May is Asian Pacific American Heritage Month, a time when we recognize the history and achievements of Asian American Pacific Islander (AAPI) communities.
Linda Kato, RSCJ, will be presenting at Our Home Too: A Forum in Support of Asian American and Pacific Islander (AAPI) Communities, a virtual webinar hosted by Baltimore Sister Cities on Thursday, May 27 at 7 p.m. EDT.
Sister Kato's bio on the event page reads:
Sister Kato is a multi-generational U.S. citizen whose ancestors immigrated from Japan in the mid-19th century to California. Her family was Incarcerated by the U.S. government together with hundreds of thousands of Japanese-Americans in internment camps during World War II as “potential enemy agents.” In the 1980s-90s, Sister Kato joined efforts of the National Coalition for Redress and Reparation (NCRR) to successfully secure an apology and compensation from the U.S. Government for interned victims. Sister Kato began her career in her [congregation's] schools across the U.S. teaching social studies and theology and coordinating community service programs for students and parents. After receiving her Ph.D. in political science from MIT, she worked for decades in firms such as MDRC and Goodwill Industries International, designing and evaluating employment and social service programs for low-income communities and persons with disabilities. Sister Kato continues to advocate for racial equity, peace and worker rights. She also added being a professional doll artist to her educational toolkit. Her portrait dolls of history’s remarkable women allow her to educate and engage with people about race, gender and social justice across barriers of age, socioeconomic status and ideology.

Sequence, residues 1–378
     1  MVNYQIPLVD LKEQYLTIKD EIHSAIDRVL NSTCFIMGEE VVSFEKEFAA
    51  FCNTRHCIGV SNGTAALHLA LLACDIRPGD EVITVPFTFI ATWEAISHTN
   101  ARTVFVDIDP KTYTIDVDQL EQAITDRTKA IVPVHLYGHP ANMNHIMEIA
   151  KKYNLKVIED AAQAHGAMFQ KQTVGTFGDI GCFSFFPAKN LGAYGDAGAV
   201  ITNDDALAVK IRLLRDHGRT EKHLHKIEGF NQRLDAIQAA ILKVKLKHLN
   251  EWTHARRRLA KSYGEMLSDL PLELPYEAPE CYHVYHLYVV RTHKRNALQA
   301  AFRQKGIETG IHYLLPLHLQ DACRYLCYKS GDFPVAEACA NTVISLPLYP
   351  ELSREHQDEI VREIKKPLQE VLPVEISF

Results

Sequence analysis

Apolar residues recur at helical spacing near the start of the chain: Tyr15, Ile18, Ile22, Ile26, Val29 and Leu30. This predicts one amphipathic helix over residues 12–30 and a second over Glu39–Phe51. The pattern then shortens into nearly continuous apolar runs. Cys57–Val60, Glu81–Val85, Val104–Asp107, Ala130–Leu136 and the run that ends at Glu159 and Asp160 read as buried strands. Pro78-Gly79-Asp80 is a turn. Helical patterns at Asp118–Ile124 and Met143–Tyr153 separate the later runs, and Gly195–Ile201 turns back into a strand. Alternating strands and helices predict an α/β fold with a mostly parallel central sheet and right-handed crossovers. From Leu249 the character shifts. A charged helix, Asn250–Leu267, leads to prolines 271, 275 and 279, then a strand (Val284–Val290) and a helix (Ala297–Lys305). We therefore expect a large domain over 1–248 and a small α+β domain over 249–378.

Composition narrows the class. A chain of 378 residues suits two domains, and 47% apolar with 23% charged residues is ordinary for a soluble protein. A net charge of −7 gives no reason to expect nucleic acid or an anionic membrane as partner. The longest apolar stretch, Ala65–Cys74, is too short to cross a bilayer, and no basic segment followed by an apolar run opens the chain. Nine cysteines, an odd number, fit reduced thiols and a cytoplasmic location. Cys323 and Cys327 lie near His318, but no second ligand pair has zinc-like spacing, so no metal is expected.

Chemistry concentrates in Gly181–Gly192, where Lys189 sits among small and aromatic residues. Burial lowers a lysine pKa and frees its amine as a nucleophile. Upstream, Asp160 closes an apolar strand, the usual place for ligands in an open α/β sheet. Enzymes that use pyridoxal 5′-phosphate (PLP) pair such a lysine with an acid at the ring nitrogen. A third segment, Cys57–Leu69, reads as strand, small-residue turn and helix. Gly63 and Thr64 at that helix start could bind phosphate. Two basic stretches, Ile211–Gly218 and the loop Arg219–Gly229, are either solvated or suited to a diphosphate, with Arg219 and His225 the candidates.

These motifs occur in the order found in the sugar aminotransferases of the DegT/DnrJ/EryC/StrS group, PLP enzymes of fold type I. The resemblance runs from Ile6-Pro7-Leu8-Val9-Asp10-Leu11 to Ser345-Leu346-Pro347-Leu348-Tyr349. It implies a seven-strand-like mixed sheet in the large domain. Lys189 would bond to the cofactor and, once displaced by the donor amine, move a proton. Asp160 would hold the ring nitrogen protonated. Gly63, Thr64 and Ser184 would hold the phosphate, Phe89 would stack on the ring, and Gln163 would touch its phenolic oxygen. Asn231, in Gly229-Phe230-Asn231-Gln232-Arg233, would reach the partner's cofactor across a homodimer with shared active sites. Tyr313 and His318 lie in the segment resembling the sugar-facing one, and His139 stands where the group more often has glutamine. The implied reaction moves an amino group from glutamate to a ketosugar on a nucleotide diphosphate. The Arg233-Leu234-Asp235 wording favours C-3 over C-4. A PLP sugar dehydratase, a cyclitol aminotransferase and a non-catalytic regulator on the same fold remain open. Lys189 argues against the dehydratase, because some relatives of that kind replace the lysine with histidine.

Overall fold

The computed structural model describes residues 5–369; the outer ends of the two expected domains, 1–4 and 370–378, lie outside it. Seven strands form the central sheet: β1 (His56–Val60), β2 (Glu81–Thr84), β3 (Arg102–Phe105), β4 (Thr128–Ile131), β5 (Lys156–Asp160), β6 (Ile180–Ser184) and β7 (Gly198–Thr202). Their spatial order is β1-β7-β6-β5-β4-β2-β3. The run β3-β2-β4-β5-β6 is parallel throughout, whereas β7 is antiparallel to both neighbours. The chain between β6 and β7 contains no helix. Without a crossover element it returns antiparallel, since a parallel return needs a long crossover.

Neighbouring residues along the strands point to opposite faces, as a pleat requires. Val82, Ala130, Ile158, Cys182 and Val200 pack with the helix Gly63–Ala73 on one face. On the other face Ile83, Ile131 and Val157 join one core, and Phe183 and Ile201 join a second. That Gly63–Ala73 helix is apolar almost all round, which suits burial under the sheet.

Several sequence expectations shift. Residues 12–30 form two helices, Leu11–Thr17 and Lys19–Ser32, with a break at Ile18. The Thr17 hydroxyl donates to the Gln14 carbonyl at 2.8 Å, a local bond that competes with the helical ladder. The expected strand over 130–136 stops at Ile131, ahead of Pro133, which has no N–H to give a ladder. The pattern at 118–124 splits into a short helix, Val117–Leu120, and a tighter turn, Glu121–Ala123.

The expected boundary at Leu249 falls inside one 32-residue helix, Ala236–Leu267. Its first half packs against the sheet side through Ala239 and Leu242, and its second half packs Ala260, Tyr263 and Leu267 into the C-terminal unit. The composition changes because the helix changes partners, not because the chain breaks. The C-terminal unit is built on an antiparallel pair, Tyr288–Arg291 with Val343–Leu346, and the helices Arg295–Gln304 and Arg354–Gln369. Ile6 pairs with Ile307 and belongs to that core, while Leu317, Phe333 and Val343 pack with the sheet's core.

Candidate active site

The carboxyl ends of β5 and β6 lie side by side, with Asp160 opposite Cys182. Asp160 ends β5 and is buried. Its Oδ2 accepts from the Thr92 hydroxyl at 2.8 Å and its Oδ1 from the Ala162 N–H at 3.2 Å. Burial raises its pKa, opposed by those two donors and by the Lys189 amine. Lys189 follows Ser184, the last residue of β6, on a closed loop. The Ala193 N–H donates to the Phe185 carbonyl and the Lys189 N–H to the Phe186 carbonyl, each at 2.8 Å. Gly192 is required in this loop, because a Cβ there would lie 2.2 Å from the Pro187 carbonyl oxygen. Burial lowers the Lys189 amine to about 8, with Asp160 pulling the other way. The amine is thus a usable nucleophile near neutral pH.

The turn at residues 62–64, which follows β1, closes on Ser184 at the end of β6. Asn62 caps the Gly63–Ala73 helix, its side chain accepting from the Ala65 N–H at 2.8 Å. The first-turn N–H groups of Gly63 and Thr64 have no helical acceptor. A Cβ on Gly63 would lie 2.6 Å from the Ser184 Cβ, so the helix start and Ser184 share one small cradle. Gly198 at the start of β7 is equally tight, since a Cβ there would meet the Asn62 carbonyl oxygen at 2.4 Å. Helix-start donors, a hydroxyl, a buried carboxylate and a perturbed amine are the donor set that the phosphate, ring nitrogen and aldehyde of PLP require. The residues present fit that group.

To read her full bio and those of the other presenters, and to register for the forum, click here.